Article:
j2 asserts that the inventor intended "hyper-text transfer protocol daemon" ("HTTP Daemon") to encompass a constantly running program on a server that communicates according to an HTTP standard. (Pl.'s Opening Brief 12:23-25.) Captaris's definition imports two limitations, (1) that the server on which the program runs be located in the message storage delivery system; and (2) that the program communicate with web browser clients.
As to the second limitation, Captaris would limit the HTTP Daemon to a server that "communicates with web browser clients," i.e. includes an Internet connection or web browser. This limitation would effectively require that the HTTP Deamon communicate over the World Wide Web. The Patent specification does not support Captaris' narrow definition. In fact, the specification clearly notes that the Internet server, which houses the HTTP Daemon, need not be connected to the Internet at all, but "may be connected to other types of networks," for example, "a large private network, such as one established for a large corporation." ('066 Patent, 18:52-57.) The specification also states that while "[i]n general" HTTP is a data access protocol run over . . . the World Wide Web," the invention is "not limited to any particular version or standard of HTTP and thus not to any particular hyper-text transfer protocol deamon." ('066 Patent, 21:45-50.) Absent a basis to limit the definition as Defendants argue, and in consideration of the ordinary meaning of the Patent description, the court adopts j2's proposed construction.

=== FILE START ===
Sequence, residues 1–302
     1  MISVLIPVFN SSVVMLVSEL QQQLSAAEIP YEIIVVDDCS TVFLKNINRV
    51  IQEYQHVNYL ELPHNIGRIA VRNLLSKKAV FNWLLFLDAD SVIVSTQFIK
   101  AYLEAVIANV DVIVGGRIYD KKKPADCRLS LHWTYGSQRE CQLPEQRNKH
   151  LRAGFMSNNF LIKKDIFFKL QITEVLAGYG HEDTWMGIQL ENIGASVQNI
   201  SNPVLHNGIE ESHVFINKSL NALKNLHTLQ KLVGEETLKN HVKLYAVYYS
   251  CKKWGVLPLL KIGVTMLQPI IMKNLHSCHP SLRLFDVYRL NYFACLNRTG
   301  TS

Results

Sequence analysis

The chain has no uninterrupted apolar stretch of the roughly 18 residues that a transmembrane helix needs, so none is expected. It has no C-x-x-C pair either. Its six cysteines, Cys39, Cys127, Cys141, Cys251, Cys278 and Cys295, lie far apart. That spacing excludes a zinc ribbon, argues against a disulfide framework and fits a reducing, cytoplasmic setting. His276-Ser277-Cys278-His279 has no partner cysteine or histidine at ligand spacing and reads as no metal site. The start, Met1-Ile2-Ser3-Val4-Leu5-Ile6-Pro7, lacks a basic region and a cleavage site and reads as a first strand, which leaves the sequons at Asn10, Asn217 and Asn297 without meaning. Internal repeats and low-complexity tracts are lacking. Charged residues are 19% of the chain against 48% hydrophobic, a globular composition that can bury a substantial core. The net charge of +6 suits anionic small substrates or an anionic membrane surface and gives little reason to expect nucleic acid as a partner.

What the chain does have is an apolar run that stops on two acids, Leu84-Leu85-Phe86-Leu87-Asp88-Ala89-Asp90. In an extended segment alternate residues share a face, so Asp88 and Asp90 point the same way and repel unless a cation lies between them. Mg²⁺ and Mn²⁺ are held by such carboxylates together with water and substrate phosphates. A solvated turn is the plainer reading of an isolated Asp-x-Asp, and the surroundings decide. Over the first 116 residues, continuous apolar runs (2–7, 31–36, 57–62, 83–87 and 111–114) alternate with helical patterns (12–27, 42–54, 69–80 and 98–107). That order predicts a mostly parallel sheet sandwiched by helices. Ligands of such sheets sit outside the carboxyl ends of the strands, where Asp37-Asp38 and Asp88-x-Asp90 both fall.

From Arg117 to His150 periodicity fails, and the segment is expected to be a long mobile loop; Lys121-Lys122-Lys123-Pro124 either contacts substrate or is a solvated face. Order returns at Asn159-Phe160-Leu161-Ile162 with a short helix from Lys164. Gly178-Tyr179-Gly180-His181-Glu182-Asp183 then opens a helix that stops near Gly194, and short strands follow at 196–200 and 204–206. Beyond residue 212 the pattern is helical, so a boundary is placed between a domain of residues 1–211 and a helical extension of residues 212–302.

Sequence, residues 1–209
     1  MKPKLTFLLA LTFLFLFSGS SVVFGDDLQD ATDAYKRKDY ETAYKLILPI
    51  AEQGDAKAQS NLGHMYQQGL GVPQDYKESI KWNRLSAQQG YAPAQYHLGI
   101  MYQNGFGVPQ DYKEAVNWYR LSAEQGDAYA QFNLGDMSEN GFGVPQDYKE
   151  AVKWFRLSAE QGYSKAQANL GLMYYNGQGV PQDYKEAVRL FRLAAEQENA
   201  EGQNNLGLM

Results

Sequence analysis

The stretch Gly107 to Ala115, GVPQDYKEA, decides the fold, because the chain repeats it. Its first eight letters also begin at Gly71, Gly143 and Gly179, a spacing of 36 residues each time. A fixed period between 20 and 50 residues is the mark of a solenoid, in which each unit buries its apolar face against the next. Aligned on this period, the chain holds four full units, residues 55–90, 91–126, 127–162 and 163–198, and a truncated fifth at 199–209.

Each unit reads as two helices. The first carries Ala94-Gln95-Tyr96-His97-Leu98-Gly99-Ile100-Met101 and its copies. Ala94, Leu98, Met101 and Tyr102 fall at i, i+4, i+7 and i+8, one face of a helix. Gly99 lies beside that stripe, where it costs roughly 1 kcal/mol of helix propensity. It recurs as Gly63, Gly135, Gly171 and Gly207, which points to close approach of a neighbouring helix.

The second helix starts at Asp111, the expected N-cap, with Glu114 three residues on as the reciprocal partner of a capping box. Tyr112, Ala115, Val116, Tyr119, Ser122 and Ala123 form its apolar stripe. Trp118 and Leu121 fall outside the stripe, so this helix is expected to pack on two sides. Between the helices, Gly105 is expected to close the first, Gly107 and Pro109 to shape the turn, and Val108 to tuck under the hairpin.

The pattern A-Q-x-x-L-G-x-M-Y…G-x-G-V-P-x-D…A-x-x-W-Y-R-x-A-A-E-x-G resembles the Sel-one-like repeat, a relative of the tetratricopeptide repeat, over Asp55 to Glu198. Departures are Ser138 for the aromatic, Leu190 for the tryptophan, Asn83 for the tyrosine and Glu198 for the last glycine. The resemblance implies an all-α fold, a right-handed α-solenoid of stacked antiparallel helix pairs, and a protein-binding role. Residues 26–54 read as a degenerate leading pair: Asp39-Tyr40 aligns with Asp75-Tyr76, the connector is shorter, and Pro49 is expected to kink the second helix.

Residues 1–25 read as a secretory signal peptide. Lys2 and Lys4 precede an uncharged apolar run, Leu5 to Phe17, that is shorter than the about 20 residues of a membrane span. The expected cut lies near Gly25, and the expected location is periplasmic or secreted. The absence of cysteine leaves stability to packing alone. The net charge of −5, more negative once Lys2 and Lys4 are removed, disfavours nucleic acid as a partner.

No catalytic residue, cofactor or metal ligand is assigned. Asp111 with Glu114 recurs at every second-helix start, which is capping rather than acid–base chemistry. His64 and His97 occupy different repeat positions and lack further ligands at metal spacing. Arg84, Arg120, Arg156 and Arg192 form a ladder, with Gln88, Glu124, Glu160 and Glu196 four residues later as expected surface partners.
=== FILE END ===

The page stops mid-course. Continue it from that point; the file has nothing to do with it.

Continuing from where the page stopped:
A server that communicates with other servers and/or client computers over a network.
A server that communicates with other servers over a network.
A server residing on a network that receives and handles requests transmitted by client computers, and interfaces with a storage medium to retrieve ...